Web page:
Patient cooperation is important for a sensitive examination. If the patient has had a recent recurrence, a repeat examination may need to be performed at a later date. The tilt test and anterior drawer are very specific for ligamentous injury when positive.

Other contributing factors such as hindfoot varus, plantar flexion of the first ray, and midfoot cavus should be evaluated. Additionally, generalized ligamentous laxity is assessed with an evaluation of Beighton’s hypermobility score. (18)


Plain radiographs, including anteroposterior (AP), lateral, and mortise views of the ankle, should be obtained to evaluate for boney pathology. Stress radiographs including anterior drawer and talar tilt may be helpful when indicated. MRI of the ankle without contrast is important to evaluate for other associated pathology, in particular peroneal tendon tears and osteochondral lesions, when the physical exam warrants.

Conservative Treatment

The cornerstone of conservative treatment is physical therapy. Adequate rehabilitation with a focus to correct proprioceptive, strength, and motion deficits can provide sufficient reduction in symptoms to avoid surgical intervention. While the ankle is painful, an ankle support is helpful. Ankle and foot orthoses can also help prevent recurrence, including an ankle-foot orthosis (“orthotic”), stiff-soled shoes, or lateral heel wedges.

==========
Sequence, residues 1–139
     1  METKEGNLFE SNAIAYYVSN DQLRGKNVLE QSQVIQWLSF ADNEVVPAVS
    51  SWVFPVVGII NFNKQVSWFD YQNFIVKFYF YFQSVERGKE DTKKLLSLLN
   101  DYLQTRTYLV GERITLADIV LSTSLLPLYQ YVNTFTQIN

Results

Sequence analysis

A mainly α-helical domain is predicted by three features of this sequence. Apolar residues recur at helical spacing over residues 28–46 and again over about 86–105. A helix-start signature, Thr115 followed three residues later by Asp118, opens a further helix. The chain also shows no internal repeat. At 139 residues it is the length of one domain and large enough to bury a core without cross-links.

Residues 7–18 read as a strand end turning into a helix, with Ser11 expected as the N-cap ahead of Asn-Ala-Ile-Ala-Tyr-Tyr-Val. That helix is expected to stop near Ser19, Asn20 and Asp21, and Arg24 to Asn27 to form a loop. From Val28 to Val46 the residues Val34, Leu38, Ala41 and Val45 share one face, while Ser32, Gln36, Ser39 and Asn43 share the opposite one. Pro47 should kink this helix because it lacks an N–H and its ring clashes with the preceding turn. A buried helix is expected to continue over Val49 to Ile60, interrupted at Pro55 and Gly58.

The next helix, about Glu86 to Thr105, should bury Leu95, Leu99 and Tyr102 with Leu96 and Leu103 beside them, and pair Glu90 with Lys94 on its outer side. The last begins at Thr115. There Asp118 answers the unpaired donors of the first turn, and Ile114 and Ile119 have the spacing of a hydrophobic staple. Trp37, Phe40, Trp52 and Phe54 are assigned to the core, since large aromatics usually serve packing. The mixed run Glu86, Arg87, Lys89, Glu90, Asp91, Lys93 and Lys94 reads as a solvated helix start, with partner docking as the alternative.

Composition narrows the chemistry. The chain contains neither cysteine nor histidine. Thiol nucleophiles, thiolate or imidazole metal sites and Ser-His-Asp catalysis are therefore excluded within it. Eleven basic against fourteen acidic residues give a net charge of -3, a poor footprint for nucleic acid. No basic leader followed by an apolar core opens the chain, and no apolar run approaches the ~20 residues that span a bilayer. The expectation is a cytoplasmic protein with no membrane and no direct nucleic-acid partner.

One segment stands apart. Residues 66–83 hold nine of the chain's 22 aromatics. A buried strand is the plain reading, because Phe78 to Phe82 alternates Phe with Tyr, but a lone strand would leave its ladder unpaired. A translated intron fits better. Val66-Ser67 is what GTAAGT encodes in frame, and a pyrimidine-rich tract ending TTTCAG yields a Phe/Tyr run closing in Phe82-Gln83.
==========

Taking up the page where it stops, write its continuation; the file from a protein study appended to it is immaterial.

On initial presentation, a trial of physical therapy is warranted if no previous attempt had been initiated. Prior to initiation of conservative treatment, an MRI evaluation is recommended to rule out associated pathology, including peroneal tendon tear and osteochondral lesions of the talus, when associated tenderness warrants it.

Operative Treatment

A subgroup of patients will continue to have dysfunction even after a well designed non-operative treatment program. Clinical signs and symptoms are most critical for making the diagnosis. Radiographic criteria include an anterior drawer greater than 10 mm (or 3 mm side differential) and a talar tilt test greater than 15 degrees (or >10 degree side differential). (19)